6:26 AM EDT, March 10, 2013
Chances of Gov. Mike Pence winning legislative approval of his signature 10 percent income tax cut began to slip away last Oct. 23.
Pence didn't know it at the time. Nobody knew it at the time.
The Republican nominee was regarded then as a sure winner in his race with John Gregg, an underfunded Democratic nominee ridiculed for TV commercials featuring unusual characters in his small hometown. Pence was ahead consistently by double digits in the polls during the campaign, ahead by 18 percentage points in one professional poll conducted for the Indiana Chamber of Commerce.
Pence, an articulate and able campaigner, was pushing his proposed income tax cut as the centerpiece of his effort. He knew that the race could narrow some by Election Day, so he campaigned hard for a big win that would give a big boost for his tax proposal -- and for a possible future presidential bid.
Now, however, even with Republicans in a supermajority in both the House and Senate, his tax cut proposal has thus far gone nowhere. The House passed a budget restoring education funding and providing more for transportation and some other areas of state concern instead of using a state surplus for the tax cut. Senate Republican leaders say they, too, are concerned that the surplus is precarious and that education and transportation are more vital now than a tax cut.
If Pence gets no tax cut, we can look back to Oct. 23 as the day when the chances began to slip away.
Although nobody knew it as the sun rose on Oct. 23, that would be the most significant day of the 2012 campaign in Indiana, with effects extending to the national level. That night is when in debate the Republican nominee for the U.S. Senate, Richard Mourdock, said that a pregnancy from rape "is something that God intended to happen."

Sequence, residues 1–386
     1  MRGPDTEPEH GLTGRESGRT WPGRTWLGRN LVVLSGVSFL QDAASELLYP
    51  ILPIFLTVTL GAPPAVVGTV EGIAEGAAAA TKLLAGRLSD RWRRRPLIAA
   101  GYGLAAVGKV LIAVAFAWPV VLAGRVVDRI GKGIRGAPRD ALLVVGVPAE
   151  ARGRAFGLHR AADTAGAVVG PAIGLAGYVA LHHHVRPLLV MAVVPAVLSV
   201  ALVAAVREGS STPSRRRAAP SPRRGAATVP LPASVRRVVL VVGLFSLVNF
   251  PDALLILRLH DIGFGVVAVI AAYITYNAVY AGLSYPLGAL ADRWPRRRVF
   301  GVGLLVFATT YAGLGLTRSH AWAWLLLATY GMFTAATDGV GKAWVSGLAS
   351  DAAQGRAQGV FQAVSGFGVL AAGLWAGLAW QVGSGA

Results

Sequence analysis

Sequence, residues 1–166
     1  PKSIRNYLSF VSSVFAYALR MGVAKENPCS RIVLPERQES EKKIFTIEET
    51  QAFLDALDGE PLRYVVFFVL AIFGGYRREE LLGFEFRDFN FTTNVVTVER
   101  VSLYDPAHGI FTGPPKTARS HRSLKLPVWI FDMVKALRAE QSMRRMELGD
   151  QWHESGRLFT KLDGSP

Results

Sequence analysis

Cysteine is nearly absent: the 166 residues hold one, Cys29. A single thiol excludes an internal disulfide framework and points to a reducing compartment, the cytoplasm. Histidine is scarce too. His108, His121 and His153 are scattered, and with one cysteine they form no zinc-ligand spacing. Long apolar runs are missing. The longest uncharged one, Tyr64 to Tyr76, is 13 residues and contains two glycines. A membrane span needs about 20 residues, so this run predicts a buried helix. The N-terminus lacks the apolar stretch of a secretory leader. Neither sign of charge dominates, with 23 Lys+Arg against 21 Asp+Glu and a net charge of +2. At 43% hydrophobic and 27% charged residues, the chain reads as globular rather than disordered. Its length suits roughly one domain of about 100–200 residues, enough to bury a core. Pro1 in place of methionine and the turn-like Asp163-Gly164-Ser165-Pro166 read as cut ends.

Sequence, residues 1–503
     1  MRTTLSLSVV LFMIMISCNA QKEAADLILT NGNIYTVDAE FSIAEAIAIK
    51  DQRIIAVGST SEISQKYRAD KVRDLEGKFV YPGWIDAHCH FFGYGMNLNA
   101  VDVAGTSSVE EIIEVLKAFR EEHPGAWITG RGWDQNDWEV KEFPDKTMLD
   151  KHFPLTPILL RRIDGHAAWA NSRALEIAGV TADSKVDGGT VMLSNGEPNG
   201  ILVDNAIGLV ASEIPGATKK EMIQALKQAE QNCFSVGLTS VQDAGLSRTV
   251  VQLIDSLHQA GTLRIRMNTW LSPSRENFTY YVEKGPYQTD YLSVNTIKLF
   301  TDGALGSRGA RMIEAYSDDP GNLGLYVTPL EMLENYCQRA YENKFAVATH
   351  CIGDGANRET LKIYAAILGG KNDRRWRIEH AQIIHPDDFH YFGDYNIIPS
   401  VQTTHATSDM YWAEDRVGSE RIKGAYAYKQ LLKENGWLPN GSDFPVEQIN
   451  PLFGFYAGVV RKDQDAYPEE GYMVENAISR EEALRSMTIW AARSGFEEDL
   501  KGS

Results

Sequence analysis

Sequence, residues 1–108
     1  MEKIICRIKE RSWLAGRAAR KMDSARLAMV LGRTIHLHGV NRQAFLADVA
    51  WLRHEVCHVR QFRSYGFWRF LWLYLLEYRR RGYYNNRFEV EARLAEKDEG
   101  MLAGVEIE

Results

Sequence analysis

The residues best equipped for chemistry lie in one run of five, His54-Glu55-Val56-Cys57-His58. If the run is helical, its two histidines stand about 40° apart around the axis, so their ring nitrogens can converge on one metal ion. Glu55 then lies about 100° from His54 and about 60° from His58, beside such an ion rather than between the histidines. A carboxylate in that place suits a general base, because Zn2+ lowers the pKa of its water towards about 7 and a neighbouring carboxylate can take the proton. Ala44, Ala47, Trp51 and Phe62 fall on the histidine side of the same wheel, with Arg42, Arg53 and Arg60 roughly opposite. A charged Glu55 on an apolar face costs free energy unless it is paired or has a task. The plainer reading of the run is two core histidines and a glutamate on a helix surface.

Mourdock now blames not what he said, but rather that what he said was reported, as the reason he lost.
Mourdock's refusal quickly to explain his remarks or apologize for unnecessarily declaring God's intent in rape turned what was a toss-up race for the Senate into a decisive victory for Democrat Joe Donnelly. Maybe Donnelly would have won anyway. Mourdock made other blunders, but it was still a toss-up when he tossed it away that night.
Effects went beyond the Senate race, hurting the entire Republican state ticket, even causing problems for Mitt Romney just when there was poll evidence that Romney had started to do much better with female voters.
Pence was dragged down significantly by the anti-Mourdock tide. Not enough to lose. But the expected Pence landslide didn't occur. He didn't even get 50 percent of the vote and wound up in the closest race for governor since 1960.
With no Pence coattails to help pull along other Republicans to victory, Tony Bennett, the incumbent Republican state school superintendent, was defeated in a major upset.
The Club for Growth and other groups instrumental in Mourdock's defeat of Dick Lugar in the Republican primary had calculated that Mourdock, with all his blunder potential, still would be a sure winner last fall in a Republican state where Pence would be a vote-getting ticket leader.
Pence couldn't pull Mourdock to victory. Instead, Mourdock pulled down Pence's winning margin.
Donnelly, once viewed as a long shot, actually had a larger winning margin than Pence -- 147,560 plurality for Donnelly, just 75,408 for Pence. Think what the odds on that happening would have been before Oct. 23.
This was not lost on Republican state legislators. Most of them won with much bigger percentages than Pence. They didn't owe their election wins to Pence. He had no coattails to help them.
So, they make their own budget decisions. It's not that they dislike the governor. They just don't see that he won any mandate. They see no reason to surrender their goals on education and transportation to make him happy.
One reason Republican legislators so often listen to Gov. Mitch Daniels is that he did win by a landslide. Twice.
Without wreckage from Mourdock's monumental slip-up on Oct. 23, Pence would have won more impressively. And his tax cut proposal might not now be slipping away.
Jack Colwell is a columnist for The Tribune. Write to him in care of The Tribune or by e-mail at email@example.com.
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